Tehran: Iran’s auto sector has started standing on its own feet after years of reliance on imported car kits which foreign companies stopped supplying when the US reimposed sanctions on the Islamic Republic in 2018.
Minister of Industry, Mine and Trade Alireza Razm Hosseini said last week that the total value of imported contents used in car manufacturing had been cut by $2.5 billion – a figure which is enormous at a time of severe foreign exchange crunch due to the draconian sanctions.
“Thanks to the efforts of automakers and component makers, the $4 billion dependence of the automotive industry on foreign companies has been reduced to $1.5 billion today, and the depth of internalization has increased,” he said at a signing ceremony.
This is down to the continuation of sanctions and Iran’s attention to internal capacities in manufacturing car components, secretary of the Iranian Auto Parts Manufacturers Association (IAPMA) Arash Mohebinejad said on Tuesday.
“The achievement is due to the blessings of sanctions, and with the cooperation of auto parts manufacturers and the support of car manufacturers, we have succeeded in localizing a large part of car components,” he told IRNA news agency.
According to IAPMA head Mohammad Reza Najafi-Manesh, each Iranian-made car now uses up $1,500-$1,700 of foreign exchange to complete, saying the figure can be cut further with government support for localization and reduction of foreign content.
“If CKD (completely knocked down) or assembled production is included, the use of foreign exchange will rise to $6,000-$8,000 and in case car imports are allowed, this figure will swell to $10,000-20,000 per unit,” he added.
Iran Khodro (IKCO) and Saipa are the two largest local manufacturers, which have picked up the slack since France’s Peugeot and Renault exited Iran along with other international companies in the wake of US sanctions in 2018, creating a supply crunch which saw car prices vault to unprecedented highs.
As the fallout from the sudden exit of foreign companies began to roll in, the two car makers pooled up local manufacturers of parts to produce Iranian-made vehicles. The defense ministry joined in to manufacture hi-tech auto parts which Iran used to import.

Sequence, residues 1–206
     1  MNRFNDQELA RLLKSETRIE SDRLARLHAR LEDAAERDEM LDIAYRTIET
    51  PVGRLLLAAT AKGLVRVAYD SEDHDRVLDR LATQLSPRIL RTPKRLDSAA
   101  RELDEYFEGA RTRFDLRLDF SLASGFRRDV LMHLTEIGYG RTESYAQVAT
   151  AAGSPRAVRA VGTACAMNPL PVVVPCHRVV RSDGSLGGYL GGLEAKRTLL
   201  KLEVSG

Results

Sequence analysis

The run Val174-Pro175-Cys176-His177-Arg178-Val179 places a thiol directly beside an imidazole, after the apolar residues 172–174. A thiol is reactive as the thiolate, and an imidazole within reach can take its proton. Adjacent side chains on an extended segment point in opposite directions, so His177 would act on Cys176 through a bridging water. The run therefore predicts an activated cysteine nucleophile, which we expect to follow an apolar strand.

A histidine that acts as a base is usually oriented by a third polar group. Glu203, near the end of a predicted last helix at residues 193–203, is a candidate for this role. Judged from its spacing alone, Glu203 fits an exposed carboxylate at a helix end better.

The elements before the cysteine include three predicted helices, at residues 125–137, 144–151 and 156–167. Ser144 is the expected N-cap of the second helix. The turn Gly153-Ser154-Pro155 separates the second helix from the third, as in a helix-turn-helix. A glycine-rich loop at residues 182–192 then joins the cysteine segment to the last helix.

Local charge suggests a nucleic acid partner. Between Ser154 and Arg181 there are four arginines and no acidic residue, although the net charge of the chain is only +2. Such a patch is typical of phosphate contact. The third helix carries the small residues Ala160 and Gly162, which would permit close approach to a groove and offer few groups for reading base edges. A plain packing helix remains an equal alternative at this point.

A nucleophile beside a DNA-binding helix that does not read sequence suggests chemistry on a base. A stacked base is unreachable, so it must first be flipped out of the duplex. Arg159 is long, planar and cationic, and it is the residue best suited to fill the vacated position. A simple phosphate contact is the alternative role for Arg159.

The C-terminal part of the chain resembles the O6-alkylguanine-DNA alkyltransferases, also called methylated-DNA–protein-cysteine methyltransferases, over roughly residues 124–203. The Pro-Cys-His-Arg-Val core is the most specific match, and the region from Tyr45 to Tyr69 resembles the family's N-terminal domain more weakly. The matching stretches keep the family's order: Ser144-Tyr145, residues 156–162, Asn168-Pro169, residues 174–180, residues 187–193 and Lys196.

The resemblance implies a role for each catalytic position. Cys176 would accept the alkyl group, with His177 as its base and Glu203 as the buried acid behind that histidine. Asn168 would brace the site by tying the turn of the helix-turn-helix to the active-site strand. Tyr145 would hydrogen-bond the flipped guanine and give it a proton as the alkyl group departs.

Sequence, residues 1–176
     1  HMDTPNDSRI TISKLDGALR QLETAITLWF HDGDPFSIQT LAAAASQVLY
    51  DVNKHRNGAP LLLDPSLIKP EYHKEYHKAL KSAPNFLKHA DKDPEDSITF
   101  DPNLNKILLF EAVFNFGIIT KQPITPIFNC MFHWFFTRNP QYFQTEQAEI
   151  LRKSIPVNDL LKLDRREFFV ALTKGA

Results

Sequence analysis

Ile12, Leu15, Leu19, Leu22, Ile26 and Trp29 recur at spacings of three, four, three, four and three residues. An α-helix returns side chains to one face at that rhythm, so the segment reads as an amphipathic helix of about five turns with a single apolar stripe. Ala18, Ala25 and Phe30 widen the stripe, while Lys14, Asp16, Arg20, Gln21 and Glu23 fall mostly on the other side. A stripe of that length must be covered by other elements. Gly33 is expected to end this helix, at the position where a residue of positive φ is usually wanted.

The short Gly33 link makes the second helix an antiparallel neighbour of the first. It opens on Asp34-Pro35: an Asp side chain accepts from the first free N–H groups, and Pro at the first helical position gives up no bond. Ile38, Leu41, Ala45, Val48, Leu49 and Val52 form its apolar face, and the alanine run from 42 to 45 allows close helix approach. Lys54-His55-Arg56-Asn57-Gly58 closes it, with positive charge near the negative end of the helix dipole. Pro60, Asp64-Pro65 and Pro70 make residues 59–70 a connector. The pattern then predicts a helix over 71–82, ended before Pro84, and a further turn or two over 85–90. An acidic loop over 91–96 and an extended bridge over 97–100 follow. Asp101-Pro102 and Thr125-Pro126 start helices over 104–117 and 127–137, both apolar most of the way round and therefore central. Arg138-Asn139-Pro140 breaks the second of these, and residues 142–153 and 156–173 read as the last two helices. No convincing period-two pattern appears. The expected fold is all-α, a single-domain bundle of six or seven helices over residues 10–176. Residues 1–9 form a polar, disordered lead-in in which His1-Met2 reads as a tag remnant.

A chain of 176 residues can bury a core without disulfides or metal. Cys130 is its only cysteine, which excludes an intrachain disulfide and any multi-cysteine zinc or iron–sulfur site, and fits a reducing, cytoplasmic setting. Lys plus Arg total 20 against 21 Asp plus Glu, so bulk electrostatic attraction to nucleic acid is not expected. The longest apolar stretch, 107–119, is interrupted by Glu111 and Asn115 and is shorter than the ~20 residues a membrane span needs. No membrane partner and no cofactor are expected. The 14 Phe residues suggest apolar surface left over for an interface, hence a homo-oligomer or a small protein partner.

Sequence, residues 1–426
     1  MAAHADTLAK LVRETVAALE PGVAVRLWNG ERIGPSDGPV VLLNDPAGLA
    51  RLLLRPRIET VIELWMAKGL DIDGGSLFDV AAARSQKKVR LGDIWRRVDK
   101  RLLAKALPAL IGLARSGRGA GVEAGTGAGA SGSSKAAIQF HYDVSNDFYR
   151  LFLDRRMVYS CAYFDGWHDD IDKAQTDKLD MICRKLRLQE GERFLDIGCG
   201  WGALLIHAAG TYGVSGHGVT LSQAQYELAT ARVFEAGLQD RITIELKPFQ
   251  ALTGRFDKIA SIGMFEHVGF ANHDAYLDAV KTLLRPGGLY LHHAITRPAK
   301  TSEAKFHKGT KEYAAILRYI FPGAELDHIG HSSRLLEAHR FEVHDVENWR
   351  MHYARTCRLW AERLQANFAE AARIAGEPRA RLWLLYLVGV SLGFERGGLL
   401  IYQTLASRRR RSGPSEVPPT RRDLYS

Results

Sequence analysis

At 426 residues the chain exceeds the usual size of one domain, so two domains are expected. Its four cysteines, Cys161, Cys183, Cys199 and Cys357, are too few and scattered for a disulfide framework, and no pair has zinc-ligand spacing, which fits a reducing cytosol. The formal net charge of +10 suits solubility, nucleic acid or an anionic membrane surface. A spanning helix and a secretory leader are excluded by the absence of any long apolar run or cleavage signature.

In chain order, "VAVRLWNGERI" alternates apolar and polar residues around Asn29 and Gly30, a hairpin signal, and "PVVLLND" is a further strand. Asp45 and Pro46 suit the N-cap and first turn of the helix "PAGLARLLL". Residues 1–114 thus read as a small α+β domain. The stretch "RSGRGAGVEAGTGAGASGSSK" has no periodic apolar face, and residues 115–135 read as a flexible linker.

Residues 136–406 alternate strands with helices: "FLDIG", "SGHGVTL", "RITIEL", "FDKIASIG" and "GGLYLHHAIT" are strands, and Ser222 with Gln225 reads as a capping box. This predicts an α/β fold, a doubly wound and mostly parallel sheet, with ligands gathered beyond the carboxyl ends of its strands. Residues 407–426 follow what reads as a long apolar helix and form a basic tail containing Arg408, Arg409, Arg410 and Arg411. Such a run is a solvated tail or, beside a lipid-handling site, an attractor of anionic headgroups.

The auto industry forms the second biggest sub-sector of the economy behind oil, accounting for some 10 percent of the gross domestic product and 4 percent of employment.
More than 100,000 people are employed by IKCO and Saipa, while another 700,000 Iranians work in industries related to car manufacturing.
When the Trump administration reimposed sanctions on Iran in August 2018, it reserved Washington’s first hammer blow for the car industry to hurt as many Iranians as possible.
However, the US pressures forced domestic manufacturers to mobilize their resources to fulfill some of the tasks which were an exclusive competence of foreign companies.
Local manufacturers are now producing a wide range of parts such as automotive immobilizers that allow the engine to start only with the vehicle’s authorized key, electronic control units, oxygen sensors, electric seats, electric steering, six-speed automatic transmission, polymeric materials, modulators, injectors, airbags, multimedia, direct current (DC) motors, all types of electrical sensors and digital front amplifiers.
A deputy industry minister has said Iranian automakers will produce more than 1.3 million cars this year, a 50 percent jump in production in the face of US sanctions.
Despite the localization, Iran’s auto sector is still saddled with serious challenges for sourcing some high-tech components, such as semiconductor chips, Mohebinejad said.
The chips are a crucial component for electronics in modern cars, including touchscreen displays as well as driver assist and other safety systems.
The shortage of semiconductor chips is basically a global problem which is the result of the coronavirus pandemic and the economic war between China and the United States.
The world relies on Taiwan for chips, but this dominance leaves the world in a vulnerable position as the island is a focal point of tensions between the US and China, which claims Taiwan as its own.
“Part of the problem is internal and is related to insufficient liquidity, carmakers’ debts to parts manufacturers, customs problems, and the non-production of some items, including semiconductors, ICs (integrated circuits), microchips and electronic circuits,” Mohebinejad said.
“These components are produced in multibillion circulations and only in a few specific countries, so that today no country independently and internally produces ICs, microchips and electronic circuits.”